Summer 18 mag cover

Thirty-five years after Bryant’s death, his impact is still felt.
by Caroline Gazzara

Nearly 3,000 people filled three churches in downtown Tuscaloosa and thousands more stood along the roadside to Birmingham to get a glimpse of a three-mile funeral procession, the day that Paul W. Bear Bryant was buried under a hickory tree, on Jan. 28, 1983.

For much of Alabama, time seemed to stand still.

As many as 5,000 people, some say, gathered at Bryant’s graveside at Elmwood Cemetery in Birmingham. Others still, crowded around televisions to watch the funeral, including school children, who huddled with their teachers, paying their respects to a legendary coach.

It was a day of mourning, not just for the state, but for the country.

“A coach is looked up to, but with Bryant, it was tenfold,” said Taylor Watson, museum collections specialist at the Paul W. Bryant Museum.

Thirty-five years after his death, Bryant’s impact on the Capstone is still very much alive.

A Lasting Legacy

The legacy of Bryant is apparent everywhere in Tuscaloosa. From street names, to campus buildings, to the famed Bryant-Denny Stadium, the Bear’s legacy lives on.

Shortly after his passing, people from across the state and country sent items to his widow, Mary Harmon Bryant, and the University. Letters, artwork, memorabilia, and more were sent to the family after his passing, and even decades later. The Bryant Museum still receives items from time to time.

“Bryant’s legacy is as strong as ever,” said Ken Gaddy, director of The Bryant Museum. “If you walk out the door, there’s houndstooth everywhere. It’s almost like the third color of the University: Crimson, White and houndstooth. It’s a positive thing to have.”

In the mid-1980s, the Bryant family donated a large lot of items to the museum. Still sifting through everything, Watson discovered more than 20 grade school drawings from 1983. The drawings have sat in the Bryant Museum Library collections, waiting for their moment to shine.

From a Classroom in Hoover

Ann Downing was teaching art at Green Valley Elementary School in Hoover, Alabama, when she heard the news. An alumna of The University of Alabama, Downing was a huge Alabama fan, and an even bigger Paul “Bear” Bryant fan.

But on Jan. 26, 1983, Downing was heartbroken. The Bear passed away just a month after his last game, when the Crimson Tide won the 1982 Liberty Bowl against the University of Illinois.

Bryant joked shortly after coaching his last game that he would “croak in a week” once he retired. One month after his last game, Bryant passed away due to a heart attack at Druid City Hospital, now known as DCH Regional Medical Center.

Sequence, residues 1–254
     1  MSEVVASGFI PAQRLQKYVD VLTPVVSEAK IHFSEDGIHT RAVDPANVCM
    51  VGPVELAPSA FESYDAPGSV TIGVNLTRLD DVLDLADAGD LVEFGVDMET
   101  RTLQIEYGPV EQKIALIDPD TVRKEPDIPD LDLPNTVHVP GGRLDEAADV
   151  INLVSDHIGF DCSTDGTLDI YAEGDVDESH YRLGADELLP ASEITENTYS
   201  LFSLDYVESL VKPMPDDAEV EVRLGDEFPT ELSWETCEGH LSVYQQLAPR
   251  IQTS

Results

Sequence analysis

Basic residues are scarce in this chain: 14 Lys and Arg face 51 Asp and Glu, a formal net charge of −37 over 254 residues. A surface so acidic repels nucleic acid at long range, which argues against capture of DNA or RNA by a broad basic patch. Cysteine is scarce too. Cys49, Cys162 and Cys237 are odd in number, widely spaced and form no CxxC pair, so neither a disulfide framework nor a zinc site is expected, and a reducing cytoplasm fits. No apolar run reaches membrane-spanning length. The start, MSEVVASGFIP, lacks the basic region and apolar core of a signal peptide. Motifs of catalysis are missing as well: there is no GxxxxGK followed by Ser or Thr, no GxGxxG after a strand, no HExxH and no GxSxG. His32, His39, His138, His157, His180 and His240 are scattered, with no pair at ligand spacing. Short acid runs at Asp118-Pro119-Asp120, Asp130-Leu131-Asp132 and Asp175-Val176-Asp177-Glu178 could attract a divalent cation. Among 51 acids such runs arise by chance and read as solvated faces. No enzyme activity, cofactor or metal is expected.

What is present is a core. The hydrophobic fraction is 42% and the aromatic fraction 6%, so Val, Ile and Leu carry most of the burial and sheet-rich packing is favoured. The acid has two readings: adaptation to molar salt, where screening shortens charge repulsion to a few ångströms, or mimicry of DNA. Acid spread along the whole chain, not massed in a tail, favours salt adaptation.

It seemed that everyone, in some way, was affected by Bryant’s passing.

In her final year of teaching at Green Valley, Downing was moved by Bryant’s death—so much so, that Downing instructed her second grade students to draw something that reminded them of Bryant, and then write a sentence or two about the famed coach. Downing then attached the drawings to construction paper and hung them around the school for a few weeks. In total, 22 second-grade drawings were hung with pride at the school. Later on that school year, Downing sent the drawings to Mrs. Bryant, where they sat in the Bryant estate for years.

“I’m an Alabama fan,” Downing said. “Everyone knew of Bear’s passing but we wanted to show support for Mrs. Bryant. It wasn’t just the second grade class, the whole school made drawings.”

Uncovered Drawings

It wasn’t until 2010 that the drawings were uncovered at the Paul W. Bryant Museum. Watson, who searched for the students about five years ago, during what would’ve been Bryant’s 100th birthday, said there’s not much information about the drawings. “There was only (the letter) that was with the drawings, nothing else,” Watson said.

Watson said the drawings were in a separate box from other condolence letters, meaning that Mrs. Bryant, or her daughter Mae Martin, thought they were important.

“I just love these,” Watson said. “They’re just so genuine.”

Some of the drawings have depictions of the Bear’s famous houndstooth hat. Others are decorated with footballs and elephants.

Emily Jolley, now an attorney in Guntersville, was one of the students at Green Valley Elementary. Jolley’s drawing includes rainbow clouds and the legendary hat. She also included the sentences “I will not forgit the Bear. He was the best coch. The winningest colege coch in history.”